Under the Hood

Benefits Of Gardening To Mental Health

Being in the outdoors is highly recommended to people with mental health issues. Getting some sunlight and exercising to release endorphins are generally prescribed. However, gardening is rarely suggested as the activity of choice since it is not everyone's cup of tea.

A recent episode of “Think Act Be,” a podcast by Seth J. Gillihan, clinical assistant professor of psychology at the University of Pennsylvania, shed light on the positive impact of gardening on mental health.  

Gillihan was in conversation with Joe Lamp'l, the host of daytime Emmy award-winning show “Growing a Greener World” that focuses on samaritans who use organic gardening and small scale farming to better the environment. From the hour long chat, a few major benefits of gardening on psychological well-being were discussed, such as the following:

Perfectionism and Growth

Lamp'l said that embracing mistakes and making an effort to analyse the reasons behind them could teach some life lessons. “Yeah, I like perfection and love having a good garden. You know what I love more is making mistakes. I look at them not so much as mistakes but as opportunities. And a chance to learn something new. As long as I have been gardening, there is no shortage of things that I cannot learn,” Lamp'l explained.

The analogy could be related to depressed people who are used to thrusting blame on misfortunes. Through gardening, they can understand how to learn and grow from life’s road bumps.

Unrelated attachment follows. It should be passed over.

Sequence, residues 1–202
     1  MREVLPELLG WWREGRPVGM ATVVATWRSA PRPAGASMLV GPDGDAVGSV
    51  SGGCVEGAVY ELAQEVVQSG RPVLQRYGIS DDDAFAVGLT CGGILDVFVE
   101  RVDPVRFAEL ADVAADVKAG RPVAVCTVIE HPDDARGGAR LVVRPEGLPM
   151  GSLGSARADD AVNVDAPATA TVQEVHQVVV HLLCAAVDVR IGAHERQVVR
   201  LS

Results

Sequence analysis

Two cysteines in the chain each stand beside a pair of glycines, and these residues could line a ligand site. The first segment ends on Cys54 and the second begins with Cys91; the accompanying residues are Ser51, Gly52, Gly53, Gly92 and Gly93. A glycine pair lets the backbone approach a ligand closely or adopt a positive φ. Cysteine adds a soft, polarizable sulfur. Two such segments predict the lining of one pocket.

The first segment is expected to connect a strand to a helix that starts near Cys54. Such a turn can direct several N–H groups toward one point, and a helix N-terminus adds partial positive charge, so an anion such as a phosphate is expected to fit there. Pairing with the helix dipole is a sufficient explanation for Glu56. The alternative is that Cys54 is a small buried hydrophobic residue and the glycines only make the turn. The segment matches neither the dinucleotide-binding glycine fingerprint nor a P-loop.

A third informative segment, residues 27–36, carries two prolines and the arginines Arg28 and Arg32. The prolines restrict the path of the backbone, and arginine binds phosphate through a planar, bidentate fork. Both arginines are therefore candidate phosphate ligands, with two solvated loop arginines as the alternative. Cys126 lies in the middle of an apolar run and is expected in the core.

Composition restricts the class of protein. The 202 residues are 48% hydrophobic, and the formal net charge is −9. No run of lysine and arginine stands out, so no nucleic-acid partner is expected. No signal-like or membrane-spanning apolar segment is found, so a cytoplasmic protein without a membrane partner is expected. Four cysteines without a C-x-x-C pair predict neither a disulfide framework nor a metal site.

In the blog published by Psychology Today, Gillihan said that he often feels centered and at ease in his own garden. While Lamp’l explained that time in the garden was sacred to him, and it is when he switches off all material distractions.

Being mindful increases productivity of people struggling to focus on work and have meaningful relationships by reducing emotional intensity. Gardening is one way of perfecting the art of mindfulness. 


According to Gillihan, he makes sure that he feels the soil in his hands and just switches off from the rest of the world. This reduces stress since it helps one take in the magnificence of nature, especially the sprouting lettuces and ripening strawberries against the sun rays. Doing so brings down stress levels and increases joy through appreciation of the good things in life.

Physical Exercise

"When I do my weeding, I'm on my belly, on my butt, lying on my side—doing a lot of things you probably do in a yoga class," Lamp’l said. He added that he also manages to maintain muscle tone without going to the gym frequently.

gardening Gardening can positively impact mental health. Photo courtesy of Getty Images/Justin Sullivan